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“The Velveteen Rabbit” Is an Endearing Show for Children of All Ages


The Velveteen Rabbit is a long-beloved children’s book by Margery Williams, first published in 1922. And, though it was published so many years ago, the story still resonates with children (and even adults) today. The story’s staying power and its ability to be both deep and thoughtful, while at the same time, serving as great entertainment for children makes it perfect for a play adaptation and even more perfect for Raleigh Little Theatre, which offers many shows “especially for kids” throughout the year.

James Still’s adaptation veers a little off course from the original story, but most of the changes work well and are necessary for making it more modern and allowing it to work well on stage. The basic story is still the same however; a little boy, Steve (Michael McKenna) bonds with his toy, the Velveteen Rabbit (Neil Bullard). The toy bonds with the boy too, and with careful guidance from an older, wizened toy, the Hobby Horse (Patsy Clarke), the Velveteen Rabbit learns that if he loves enough, he can become “real.” Being real, he’s warned, isn’t an easy process but a worthwhile one, and though he’s mocked by the fancier, newer toys, the Boat (Julia Ryan) and the Train (Gray Gall), he does learn to love and also learns some important lessons along the way. It is an older version of Steve (Brent Wilson) who recounts the story of his experiences with the Velveteen Rabbit as a young boy.

Director Kathleen Rudolph makes great use of the “Older Steve” character. By having him often mirror his younger self’s actions and sometimes react to experiences from his past, she showcases the parallels between adulthood and childhood, as well as the deep but different ways in which children and a few astute adults are capable of interpreting their experiences.

While the direction and the script itself are smart, the play also delivers what young audiences want: color, action, noise, and fun! Thomas Mauney has created a vibrant set that truly does resemble a forest, where some of the action takes place. The set features lots of open space for the characters to move around, often wildly. It also helps that the “toys” are made larger than life. The Boat and Train actually zoom around the stage, much to the delight of young viewers.

As for the acting, Clarke is one of the standouts in the cast. Even in her startling Hobby Horse costume, she evokes the depth and beauty of the author’s original words about what it means to be “real.” Wilson makes for a lovable, believable “Older Steve,” and the younger members of the cast do a great job keeping viewers entertained and delivering their lines with understanding beyond their years.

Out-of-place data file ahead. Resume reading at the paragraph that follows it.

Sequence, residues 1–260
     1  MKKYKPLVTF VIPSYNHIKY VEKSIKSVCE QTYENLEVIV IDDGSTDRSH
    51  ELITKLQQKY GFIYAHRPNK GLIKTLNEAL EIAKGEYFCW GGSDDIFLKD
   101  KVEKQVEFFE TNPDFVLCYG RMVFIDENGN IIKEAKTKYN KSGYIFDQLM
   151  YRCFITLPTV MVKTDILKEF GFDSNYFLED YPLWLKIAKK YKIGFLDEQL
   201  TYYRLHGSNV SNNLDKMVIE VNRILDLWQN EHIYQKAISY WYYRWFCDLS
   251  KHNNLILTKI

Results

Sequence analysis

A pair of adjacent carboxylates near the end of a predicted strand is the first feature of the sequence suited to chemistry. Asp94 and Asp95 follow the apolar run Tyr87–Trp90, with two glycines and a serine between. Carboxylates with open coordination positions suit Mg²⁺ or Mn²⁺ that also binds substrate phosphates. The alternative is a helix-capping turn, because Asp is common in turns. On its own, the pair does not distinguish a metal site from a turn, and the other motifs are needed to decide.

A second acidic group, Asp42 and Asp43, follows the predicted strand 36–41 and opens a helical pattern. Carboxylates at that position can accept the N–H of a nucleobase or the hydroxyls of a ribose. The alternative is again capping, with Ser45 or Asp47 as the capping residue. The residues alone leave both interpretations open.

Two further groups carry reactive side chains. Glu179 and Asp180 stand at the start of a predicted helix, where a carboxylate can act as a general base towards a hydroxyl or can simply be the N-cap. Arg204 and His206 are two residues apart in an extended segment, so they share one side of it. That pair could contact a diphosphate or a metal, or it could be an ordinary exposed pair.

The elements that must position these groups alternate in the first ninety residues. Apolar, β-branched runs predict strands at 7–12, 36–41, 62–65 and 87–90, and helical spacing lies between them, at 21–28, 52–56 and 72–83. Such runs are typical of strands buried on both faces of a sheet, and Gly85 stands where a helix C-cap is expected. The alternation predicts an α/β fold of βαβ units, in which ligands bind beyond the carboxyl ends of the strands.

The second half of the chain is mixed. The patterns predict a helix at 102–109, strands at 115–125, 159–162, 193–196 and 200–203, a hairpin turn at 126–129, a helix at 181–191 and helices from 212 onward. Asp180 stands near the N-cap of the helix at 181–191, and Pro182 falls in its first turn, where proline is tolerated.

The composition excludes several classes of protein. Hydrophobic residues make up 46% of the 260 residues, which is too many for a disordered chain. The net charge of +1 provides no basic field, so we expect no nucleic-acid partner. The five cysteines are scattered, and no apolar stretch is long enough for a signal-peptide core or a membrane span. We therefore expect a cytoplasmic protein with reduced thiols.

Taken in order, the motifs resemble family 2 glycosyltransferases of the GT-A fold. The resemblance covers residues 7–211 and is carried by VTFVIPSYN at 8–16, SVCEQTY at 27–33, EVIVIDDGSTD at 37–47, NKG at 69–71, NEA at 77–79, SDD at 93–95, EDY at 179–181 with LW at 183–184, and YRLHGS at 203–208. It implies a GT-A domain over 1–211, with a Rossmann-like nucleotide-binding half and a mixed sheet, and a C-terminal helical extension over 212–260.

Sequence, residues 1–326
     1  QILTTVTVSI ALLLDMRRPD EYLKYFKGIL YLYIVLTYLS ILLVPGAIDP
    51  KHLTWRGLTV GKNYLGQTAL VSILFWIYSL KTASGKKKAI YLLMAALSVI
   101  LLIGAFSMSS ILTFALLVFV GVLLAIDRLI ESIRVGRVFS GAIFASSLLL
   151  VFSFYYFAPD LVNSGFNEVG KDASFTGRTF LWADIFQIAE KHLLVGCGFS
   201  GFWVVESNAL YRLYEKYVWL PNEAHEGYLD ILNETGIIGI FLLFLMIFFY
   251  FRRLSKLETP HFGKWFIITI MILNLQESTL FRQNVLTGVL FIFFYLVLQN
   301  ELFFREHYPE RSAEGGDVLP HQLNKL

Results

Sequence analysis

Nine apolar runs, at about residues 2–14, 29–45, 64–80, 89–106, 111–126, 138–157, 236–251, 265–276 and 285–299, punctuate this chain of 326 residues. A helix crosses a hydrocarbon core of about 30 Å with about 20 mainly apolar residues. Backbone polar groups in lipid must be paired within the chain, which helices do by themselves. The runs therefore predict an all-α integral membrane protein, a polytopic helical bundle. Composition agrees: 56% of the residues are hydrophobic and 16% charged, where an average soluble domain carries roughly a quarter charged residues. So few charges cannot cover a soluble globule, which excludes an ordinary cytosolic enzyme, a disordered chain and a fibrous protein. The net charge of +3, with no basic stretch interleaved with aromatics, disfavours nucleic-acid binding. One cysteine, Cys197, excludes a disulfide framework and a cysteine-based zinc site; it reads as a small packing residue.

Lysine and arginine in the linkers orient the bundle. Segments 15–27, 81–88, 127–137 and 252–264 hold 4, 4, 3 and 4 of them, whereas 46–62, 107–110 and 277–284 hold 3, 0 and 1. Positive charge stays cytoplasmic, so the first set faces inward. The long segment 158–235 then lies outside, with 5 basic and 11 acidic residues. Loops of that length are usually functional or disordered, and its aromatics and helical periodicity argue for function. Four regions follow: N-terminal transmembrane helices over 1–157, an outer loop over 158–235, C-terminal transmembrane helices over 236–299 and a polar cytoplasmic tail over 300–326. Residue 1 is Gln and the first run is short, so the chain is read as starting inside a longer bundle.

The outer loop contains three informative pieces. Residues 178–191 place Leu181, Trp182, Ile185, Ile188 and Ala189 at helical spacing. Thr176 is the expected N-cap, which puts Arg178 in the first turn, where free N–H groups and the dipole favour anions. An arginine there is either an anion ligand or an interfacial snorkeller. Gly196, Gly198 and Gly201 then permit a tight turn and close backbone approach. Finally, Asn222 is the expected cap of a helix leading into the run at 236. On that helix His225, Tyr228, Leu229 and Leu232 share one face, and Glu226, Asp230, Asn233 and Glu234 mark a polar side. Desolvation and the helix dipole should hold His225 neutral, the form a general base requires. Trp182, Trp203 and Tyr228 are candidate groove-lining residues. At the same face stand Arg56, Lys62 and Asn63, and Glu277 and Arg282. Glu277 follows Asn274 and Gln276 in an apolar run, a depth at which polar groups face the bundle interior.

The Velveteen Rabbit is a wonderful show for children of all ages and even for those who are simply children at heart.

Raleigh Little Theatre presents THE VELVETEEN RABBIT at 7:30 p.m. March 12 and 13, 1 and 5 p.m. March 14 and 15, 7:30 p.m. March 19 and 20, and 1 and 5 p.m. March 21 and 22 in RLT‘s Gaddy-Goodwin Teaching Theatre, 301 Pogue St., Raleigh, North Carolina 27607.

TICKETS: $14 ($10 children age 12 and under).

BOX OFFICE: 919-821-3111 or

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NOTE 1: All shows are wheelchair accessible, and assistive-listening devices are available for all shows.

NOTE 2: Arts Access, Inc. of Raleigh will audio-describe the show’s 5 p.m. Sunday, March 15th, performance.


The Velveteen Rabbit (1922 children’s novel): (Wikipedia).

Novel (with original illustrations): (nternet Archive).

Margery Williams (London-born American novelist, 1881-1944): (Wikipedia).

The Velveteen Rabbit (2009 play): (Dramatic Publishing).

James Still (American playwright): (Wikipedia).

Kathleen Rudolph (director and RLT associate education director): (RLT bio).


Susie Potter is a Raleigh, NC-based freelance writer and editor. She is a 2009 graduate of Raleigh’s Meredith College, where she majored in English. She holds graduate degrees in teaching and American literature from North Carolina State University in Raleigh. In addition to her work for Triangle Arts and Entertainment, she is an award-winning author of short fiction. Her works have appeared in The Colton Review, Raleigh Quarterly, Broken Plate Magazine, Big Muddy: A Journal of the Mississippi River Valley, the Chaffey Review, and Existere. To read all of Susie Potter’s Triangle Arts and Entertainment articles and reviews, click To read more of her writings, click and

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